Adding styling to a module is similar to adding styling to a project, except that styling resources are placed in the themesource folder as explained in the File and Folder Structure section below.

For classes that are generic or that should be easily discovered, a developer can consider creating design properties for this. For more information see How to Extend design properties

4 Create a Theme Module

A theme module is useful for styling which can be easily re-used through modules across projects. By default, the theme settings like color, font, spacing, and more are in the theme folder, which is specific per app. However, often these settings should be re-used to create a consistent look and feel across apps.

This can be done by creating a theme module and making the custom-variables file in the theme folder point to the custom variables file in your theme module. For creating a full design system see How to Create a Company Design System.

See the example below for more information on creating a re-usable theme module.

4.1 Web

As an example, the following variables in theme/web/custom-variables.scss will be modularised into a re-usable theme module:

$gray-primary: #e7e7e9;

$brand-default: $gray-primary;
$brand-primary: #264ae5;
$brand-success: #3cb33d;
$brand-warning: #eca51c;
$brand-danger: #e33f4e;

To create a re-usable theme module, do the following:

  1. Create a new module in Studio Pro. Right-click Project in the Project Explorer, then click Add new module…. Give it a name. For this example the module’s name is “mytheme”.

  2. In your Mendix project directory, create a new file themesource/mytheme/web/custom-variables.scss.

  1. Cut the variables from theme/web/custom-variables.scss and paste them in themesource/mytheme/web/custom-variables.scss.

  2. In theme/web/custom-variables.scss add @import "../../themesource/mytheme/web/custom-variables.scss to the top of the file, replacing “mytheme” with your module name.

The two files should end up looking list this:

theme/web/custom-variables.scss:

@import "../../themesource/mytheme/web/custom-variables.scss";

themesource/mytheme/web/custom-variables.scss:

$gray-primary: #e7e7e9;

$brand-default: $gray-primary;
$brand-primary: #264ae5;
$brand-success: #3cb33d;
$brand-warning: #eca51c;
$brand-danger: #e33f4e;

You can now export the mytheme module from Studio Pro to re-use in your apps. Note that you need to add the @import … line to theme/web/custom-variables.scss for every app that imports the module. Therefore, we recommend you create a company starter app containing this change.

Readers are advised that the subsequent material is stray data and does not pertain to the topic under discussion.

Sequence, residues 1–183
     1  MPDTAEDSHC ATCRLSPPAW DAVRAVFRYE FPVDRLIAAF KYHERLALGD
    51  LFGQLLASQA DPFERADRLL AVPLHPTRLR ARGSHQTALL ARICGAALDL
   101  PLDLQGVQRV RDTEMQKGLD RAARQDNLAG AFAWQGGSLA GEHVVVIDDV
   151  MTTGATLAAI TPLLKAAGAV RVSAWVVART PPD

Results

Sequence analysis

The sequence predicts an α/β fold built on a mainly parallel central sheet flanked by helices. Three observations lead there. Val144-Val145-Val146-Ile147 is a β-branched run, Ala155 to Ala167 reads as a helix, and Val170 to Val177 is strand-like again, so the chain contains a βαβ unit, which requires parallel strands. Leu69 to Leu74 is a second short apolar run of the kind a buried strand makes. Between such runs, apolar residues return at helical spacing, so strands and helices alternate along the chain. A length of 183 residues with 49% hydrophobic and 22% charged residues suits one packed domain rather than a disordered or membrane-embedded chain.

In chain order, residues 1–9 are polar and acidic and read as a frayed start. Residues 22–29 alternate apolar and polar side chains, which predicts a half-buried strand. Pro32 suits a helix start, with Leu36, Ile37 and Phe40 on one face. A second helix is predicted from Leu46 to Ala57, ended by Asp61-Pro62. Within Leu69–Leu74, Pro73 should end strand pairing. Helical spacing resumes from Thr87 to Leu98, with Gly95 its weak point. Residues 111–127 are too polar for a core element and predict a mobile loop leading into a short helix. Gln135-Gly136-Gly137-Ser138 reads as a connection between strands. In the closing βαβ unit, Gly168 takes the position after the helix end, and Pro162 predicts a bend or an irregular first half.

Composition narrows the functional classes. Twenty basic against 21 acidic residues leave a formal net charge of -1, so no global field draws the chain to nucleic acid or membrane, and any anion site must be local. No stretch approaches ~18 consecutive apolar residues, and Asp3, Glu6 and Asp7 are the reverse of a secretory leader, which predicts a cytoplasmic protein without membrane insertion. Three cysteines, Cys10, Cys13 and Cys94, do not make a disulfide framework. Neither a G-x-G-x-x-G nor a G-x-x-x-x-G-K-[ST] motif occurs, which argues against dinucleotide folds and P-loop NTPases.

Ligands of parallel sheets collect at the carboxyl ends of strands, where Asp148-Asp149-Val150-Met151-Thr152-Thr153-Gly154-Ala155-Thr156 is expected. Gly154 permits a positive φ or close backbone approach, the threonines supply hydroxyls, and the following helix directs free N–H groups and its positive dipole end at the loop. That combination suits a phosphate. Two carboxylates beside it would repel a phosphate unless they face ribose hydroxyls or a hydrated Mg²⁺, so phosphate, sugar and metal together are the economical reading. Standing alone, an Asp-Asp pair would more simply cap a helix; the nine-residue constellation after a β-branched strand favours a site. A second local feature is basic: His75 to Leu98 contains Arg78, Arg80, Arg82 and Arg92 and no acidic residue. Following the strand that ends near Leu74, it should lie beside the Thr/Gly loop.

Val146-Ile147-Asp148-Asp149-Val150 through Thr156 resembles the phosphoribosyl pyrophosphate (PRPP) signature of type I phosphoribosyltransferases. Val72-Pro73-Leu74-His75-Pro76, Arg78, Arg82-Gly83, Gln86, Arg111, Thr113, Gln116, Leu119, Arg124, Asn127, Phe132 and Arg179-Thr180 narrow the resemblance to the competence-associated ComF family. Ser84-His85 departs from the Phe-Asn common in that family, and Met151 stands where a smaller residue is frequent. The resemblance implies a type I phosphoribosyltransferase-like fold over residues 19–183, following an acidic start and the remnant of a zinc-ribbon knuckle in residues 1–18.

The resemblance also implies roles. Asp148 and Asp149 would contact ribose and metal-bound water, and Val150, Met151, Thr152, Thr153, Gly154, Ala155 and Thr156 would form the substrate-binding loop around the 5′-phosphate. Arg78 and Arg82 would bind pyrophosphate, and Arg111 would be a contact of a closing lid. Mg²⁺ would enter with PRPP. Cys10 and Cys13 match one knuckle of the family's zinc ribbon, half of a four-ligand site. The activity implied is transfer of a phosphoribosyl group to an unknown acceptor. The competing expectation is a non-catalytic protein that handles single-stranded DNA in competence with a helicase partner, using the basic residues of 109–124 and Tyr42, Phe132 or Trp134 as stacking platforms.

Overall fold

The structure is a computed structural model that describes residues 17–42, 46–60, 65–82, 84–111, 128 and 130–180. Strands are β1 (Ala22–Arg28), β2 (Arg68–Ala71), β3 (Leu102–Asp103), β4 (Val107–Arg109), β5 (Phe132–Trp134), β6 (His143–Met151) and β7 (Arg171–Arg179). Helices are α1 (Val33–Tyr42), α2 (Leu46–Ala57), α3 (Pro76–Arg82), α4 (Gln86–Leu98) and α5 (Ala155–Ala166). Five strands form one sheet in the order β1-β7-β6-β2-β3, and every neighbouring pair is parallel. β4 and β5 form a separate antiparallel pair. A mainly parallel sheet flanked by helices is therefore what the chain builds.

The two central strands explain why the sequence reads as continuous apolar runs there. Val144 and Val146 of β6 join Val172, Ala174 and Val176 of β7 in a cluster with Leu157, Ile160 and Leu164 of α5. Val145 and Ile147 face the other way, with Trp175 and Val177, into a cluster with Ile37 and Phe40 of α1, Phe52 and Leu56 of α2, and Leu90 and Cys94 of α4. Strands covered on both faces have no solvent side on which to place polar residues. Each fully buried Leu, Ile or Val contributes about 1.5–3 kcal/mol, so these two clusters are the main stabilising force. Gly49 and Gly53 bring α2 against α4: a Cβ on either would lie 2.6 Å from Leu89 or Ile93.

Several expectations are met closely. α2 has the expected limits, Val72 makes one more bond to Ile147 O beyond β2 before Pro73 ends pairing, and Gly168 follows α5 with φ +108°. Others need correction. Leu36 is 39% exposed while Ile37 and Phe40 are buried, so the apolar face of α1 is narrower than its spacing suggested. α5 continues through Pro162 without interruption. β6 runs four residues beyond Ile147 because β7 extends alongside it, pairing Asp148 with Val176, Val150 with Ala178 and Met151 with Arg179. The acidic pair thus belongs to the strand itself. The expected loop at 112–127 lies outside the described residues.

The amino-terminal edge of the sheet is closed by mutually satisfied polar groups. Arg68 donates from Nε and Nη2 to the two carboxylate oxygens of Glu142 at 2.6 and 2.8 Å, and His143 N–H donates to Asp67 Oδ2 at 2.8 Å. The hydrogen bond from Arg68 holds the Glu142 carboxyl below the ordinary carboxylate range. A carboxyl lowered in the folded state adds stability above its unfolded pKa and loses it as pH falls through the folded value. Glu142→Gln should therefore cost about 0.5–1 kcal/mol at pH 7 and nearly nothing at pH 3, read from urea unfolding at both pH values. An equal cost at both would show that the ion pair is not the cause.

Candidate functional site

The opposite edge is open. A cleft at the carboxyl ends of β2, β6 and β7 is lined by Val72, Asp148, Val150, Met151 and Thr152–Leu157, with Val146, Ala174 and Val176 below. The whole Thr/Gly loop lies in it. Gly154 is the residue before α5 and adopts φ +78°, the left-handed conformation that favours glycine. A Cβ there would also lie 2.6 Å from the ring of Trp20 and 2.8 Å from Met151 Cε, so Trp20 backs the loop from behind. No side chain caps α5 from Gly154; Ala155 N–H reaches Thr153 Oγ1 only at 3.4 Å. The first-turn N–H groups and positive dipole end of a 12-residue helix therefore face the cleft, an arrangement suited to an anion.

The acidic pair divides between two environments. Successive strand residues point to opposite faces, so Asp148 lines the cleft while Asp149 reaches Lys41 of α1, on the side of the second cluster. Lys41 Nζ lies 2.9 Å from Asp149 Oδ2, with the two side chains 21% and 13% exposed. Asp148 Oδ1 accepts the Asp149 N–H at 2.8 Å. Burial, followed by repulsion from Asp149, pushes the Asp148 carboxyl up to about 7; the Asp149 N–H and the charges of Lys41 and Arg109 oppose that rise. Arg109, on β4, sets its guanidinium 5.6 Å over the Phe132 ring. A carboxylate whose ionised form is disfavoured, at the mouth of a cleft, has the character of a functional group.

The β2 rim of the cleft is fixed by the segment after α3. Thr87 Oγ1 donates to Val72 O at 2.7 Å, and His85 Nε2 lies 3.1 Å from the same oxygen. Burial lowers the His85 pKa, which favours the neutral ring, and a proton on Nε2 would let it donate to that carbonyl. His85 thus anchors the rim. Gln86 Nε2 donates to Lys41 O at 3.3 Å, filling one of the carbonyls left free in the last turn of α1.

To test the theme for all the widgets, page templates, and building blocks it can be helpful to use the Atlas Design System app as discussed in Create a Company Design System.

4.2. Native Mobile

As an example, the following variables in theme/native/custom-variables.js will be modularised into a re-usable theme module:

export const brand = {
    primary: "#264AE5",
    success: "#3CB33D",
    warning: "#ECA51C",
    danger: "#E33F4E",
    info: "#0086D9",
    primaryLight: "#F3F5FF",
    successLight: "#F1FCF1",
    warningLight: "#FFF9E6",
    dangerLight: "#FFEEF0",
    infoLight: "#ECF9FF"
};

Steps:

  1. Create a new module in Studio Pro. Right-click “Project ” in the Project-Explorer, then click Add new module…. Give it a name, for this example the module’s name is “mytheme”.

  2. In your Mendix project directory, create a new file themesource/mytheme/native/custom-variables.js.

  1. Cut the export statement and variables from theme/native/custom-variables.js and paste in themesource/mytheme/native/custom-variables.js.

  2. In theme/native/custom-variables.js add the following code to the top of the file, replacing “mytheme” with your module name:

    export * from "../../themesource/mytheme/native/custom-variables";
    

The two files should end up looking list this:

theme/native/custom-variables.js:

export * from "../../themesource/mytheme/native/custom-variables";

themesource/mytheme/native/custom-variables.js:

export const brand = {
    primary: "#264AE5",
    success: "#3CB33D",
    warning: "#ECA51C",
    danger: "#E33F4E",
    info: "#0086D9",
    primaryLight: "#0086D9",
    successLight: "#F1FCF1",
    warningLight: "#FFF9E6",
    dangerLight: "#FFEEF0",
    infoLight: "#ECF9FF"
};

If you get errors, double check if the imports point to valid files.

5 Preview a Styling Change

Depending on the type of app you are building, the preview of styling or a theme change is different.

5.1. Web apps